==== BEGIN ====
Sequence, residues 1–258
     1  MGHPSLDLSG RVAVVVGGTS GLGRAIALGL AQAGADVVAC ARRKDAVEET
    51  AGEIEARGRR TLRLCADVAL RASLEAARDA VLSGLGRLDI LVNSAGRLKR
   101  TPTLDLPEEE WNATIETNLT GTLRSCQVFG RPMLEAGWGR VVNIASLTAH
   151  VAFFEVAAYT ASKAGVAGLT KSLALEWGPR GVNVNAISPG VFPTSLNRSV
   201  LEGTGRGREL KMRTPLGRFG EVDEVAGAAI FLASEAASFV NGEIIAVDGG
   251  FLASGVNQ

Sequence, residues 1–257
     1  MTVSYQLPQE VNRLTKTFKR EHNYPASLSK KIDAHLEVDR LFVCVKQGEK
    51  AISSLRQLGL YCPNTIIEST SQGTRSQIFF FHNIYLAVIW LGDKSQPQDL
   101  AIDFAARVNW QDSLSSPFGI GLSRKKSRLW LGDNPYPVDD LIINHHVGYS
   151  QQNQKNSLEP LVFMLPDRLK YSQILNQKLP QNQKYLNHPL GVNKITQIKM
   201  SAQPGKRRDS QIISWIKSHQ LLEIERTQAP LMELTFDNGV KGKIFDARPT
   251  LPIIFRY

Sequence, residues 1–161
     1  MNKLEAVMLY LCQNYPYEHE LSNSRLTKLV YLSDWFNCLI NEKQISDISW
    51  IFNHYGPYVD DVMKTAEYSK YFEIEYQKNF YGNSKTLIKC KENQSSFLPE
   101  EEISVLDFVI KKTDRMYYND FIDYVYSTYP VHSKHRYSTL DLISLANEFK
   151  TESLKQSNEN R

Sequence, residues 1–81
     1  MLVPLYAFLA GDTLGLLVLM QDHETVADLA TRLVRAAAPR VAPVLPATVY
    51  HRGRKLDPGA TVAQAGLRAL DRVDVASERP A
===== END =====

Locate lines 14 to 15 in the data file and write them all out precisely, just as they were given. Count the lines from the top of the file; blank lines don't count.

   251  LPIIFRY

Sequence, residues 1–161